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Distant binary stars may be the most massive such pair ever observed

April 17, 2013 at 6:17 PM   |   Comments

AMSTERDAM, Netherlands, April 17 (UPI) -- Dutch astronomers say a binary star system with a total mass 200 to 300 times that of the sun is a candidate for the most massive one ever identified.

The study, led by astronomer Hugues Sana and student Toayo van Boeckel of the University of Amsterdam, suggests the binary star system potentially weighed 300 to 400 solar masses at birth.

"It is a mystery how extremely massive stars form," Amsterdam co-researcher Frank Tramper said. "According to the most widely accepted theories, stars of hundreds of solar masses can only form in massive star clusters.

However, the binary star R144 lies in an outer area of a star-forming region in the Large Magellanic Cloud known as 30 Doradus, the astronomers said.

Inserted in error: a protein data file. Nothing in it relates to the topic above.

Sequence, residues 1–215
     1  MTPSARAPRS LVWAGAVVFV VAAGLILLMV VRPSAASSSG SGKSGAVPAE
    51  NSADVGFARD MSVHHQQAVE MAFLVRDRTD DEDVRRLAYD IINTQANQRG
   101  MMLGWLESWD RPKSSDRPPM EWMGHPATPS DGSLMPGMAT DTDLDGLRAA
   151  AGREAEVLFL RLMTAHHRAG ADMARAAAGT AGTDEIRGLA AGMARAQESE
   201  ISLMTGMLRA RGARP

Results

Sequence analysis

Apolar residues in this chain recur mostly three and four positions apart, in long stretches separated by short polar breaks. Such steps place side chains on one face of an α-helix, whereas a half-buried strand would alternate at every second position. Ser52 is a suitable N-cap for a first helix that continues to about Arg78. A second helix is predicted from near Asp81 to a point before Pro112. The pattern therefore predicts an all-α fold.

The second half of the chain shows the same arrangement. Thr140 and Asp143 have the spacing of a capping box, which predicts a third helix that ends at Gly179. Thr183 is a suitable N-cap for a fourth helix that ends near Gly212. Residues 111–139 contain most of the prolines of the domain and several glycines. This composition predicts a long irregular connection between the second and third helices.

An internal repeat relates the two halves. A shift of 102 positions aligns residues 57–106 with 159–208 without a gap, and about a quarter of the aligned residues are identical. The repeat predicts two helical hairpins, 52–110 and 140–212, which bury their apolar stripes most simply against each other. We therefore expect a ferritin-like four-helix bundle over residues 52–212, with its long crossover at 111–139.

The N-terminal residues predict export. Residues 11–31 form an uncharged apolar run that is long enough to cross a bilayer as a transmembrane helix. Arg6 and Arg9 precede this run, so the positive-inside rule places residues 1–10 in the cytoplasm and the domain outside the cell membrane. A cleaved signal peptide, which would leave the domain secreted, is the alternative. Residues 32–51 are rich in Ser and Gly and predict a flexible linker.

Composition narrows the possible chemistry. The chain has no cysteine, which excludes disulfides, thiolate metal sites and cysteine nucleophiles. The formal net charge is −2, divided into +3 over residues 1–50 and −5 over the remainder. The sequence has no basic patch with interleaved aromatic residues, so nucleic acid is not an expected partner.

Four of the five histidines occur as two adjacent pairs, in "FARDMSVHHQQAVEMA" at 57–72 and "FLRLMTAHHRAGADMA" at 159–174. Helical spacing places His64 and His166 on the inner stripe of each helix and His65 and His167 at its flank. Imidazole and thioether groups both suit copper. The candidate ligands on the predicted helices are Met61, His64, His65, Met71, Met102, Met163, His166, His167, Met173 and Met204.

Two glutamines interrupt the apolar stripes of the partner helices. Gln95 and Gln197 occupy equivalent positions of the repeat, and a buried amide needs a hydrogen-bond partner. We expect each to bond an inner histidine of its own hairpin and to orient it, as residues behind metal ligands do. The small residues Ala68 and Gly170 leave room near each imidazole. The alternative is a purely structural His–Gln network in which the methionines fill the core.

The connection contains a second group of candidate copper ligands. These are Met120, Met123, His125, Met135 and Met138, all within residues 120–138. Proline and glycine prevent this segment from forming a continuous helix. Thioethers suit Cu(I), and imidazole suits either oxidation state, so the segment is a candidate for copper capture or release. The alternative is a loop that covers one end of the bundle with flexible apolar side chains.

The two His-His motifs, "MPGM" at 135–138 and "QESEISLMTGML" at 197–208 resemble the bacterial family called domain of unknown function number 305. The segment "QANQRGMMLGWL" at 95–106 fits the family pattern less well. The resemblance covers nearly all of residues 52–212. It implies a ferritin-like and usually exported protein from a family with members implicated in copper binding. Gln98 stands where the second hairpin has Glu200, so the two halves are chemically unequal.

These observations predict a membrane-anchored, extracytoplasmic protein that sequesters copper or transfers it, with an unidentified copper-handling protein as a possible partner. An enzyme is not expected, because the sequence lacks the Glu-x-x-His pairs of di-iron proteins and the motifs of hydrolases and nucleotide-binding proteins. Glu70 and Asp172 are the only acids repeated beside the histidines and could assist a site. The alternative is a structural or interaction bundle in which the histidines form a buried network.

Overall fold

"The fact that R144 lies far out from the central star cluster in 30 Doradus is possibly an indication that these systems can form in isolation," Tramper said.

The spectral lines of R144 suggest the binary system is formed by two hydrogen-rich stars with similar masses, the researchers said.

R144 may have been formed in the central star cluster then later ejected by dynamical interactions with other massive stars, they said.

Further observations are needed to determine whether R144 is indeed a "runaway" binary star, the researchers said, and to definitively establish its mass to decide whether R144 really is the most massive double star discovered so far.

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